The difficulty in establishing the seed of the family of Yaakov at the outset of the Yosef story arises from the severe crisis that the family has reached because of the mistakes and sins of all family members. Two of Yaakov's sons – the most important among them, Yehuda and Yosef – are temporarily severed from the family because of this crisis, and face a real danger of their family line being cut off. The story of Yehuda and Tamar describes the victory over this danger thanks to Tamar: Tamar bears Yehuda two sons, and thus his seed is established. The story of Yosef's experiences in Egypt (in chapters 39-41) describes how, after being sold as a slave in Egypt, Yosef rises to greatness, consequently being able to marry a wife and to have his own two sons. The story continues with a description of the family's battle for survival during the famine. It is around this battle that the family reunites, and the two severed branches – Yehuda and Yosef – rejoin the fold, with their offspring.

The moment of complete reunification of the family in Egypt – before Yaakov and all his children meet Yosef in Egypt and everyone comes together in one whole family again – is preceded by the list of the seventy souls comprising Yaakov's household. What, then, is this list telling us? In my shiur on parashat Miketz I called it the "victory song" in the battle to establish the seed of Yaakov's family. The list is hinted to in the heading that introduces the story, "These are the generations of Yaakov…"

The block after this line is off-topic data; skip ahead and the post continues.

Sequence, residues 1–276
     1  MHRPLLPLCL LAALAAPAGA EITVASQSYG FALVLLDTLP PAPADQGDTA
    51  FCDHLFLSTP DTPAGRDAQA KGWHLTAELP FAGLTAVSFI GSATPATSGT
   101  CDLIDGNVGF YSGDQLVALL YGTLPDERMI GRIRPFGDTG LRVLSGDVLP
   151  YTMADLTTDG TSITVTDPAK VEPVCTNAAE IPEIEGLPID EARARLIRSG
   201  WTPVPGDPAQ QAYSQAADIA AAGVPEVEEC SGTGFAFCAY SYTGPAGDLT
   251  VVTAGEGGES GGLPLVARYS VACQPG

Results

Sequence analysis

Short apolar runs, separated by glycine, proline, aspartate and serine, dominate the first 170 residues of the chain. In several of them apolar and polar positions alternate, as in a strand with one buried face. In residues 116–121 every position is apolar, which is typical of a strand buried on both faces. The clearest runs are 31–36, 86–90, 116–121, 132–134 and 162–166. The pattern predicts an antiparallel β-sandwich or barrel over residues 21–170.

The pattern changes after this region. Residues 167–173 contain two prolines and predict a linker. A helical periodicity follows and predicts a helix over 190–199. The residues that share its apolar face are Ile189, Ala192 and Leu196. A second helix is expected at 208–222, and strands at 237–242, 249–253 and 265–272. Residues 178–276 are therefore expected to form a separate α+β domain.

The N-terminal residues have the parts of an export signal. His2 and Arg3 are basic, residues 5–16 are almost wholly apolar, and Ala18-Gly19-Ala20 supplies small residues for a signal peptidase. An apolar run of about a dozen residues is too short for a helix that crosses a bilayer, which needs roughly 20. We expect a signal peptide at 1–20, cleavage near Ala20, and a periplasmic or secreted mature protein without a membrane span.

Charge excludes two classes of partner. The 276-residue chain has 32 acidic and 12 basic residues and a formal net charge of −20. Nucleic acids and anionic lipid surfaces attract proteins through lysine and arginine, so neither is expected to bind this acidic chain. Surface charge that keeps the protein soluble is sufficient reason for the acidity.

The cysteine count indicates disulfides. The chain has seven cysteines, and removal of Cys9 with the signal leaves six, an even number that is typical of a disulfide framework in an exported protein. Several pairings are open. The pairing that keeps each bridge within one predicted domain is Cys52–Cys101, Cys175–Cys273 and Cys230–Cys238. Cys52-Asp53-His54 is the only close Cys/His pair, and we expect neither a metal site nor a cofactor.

It is towards this list that the story as a whole is headed, from the very beginning: it describes how Yaakov's family prevails over the crisis of internal disintegration, succeeding in raising a large third generation that is eventually reunited around the patriarch of the family with none missing; ALL of Yaakov's sons have established their own families, and all return with their offspring to live in the midst of the clan.

It is therefore not only a "victory song," but also a song of praise and thanks to God. We remember Yaakov's prayer at one of his difficult moments, when the danger of Esav hovered over his family:

(32:11) "I am unworthy of all the mercies and all the truth that You have performed with Your servant, for I passed over this Jordan with just my staff, AND NOW I HAVE BECOME TWO CAMPS."

Who was included in these two camps? Yaakov's two wives and twelve children, the eldest of whom was then about thirteen years old.

Since then, Yaakov has returned to Canaan, and many years (more than thirty) have passed, during which he has dwelled with his family in the land. Yaakov's sons have grown up; each has established his own family and given birth to children. If Yaakov uttered a prayer as he descended to Egypt to meet Yosef, he certainly would have said: "I am unworthy of all the mercies that You have performed with Your servant, for it was with two camps of wives with their twelve young children that I crossed the Jordan on my return journey to Canaan, and now I have become seventy souls – a great tribe with twelve heads of households." The list in our parasha is a replacement for this imaginary prayer of thanks, which Yaakov had no opportunity to offer. Yaakov, the elderly patriarch, can look at the wagons coming to Egypt full of women and children who are his descendants, and which are led by his adult sons, with great pride and satisfaction.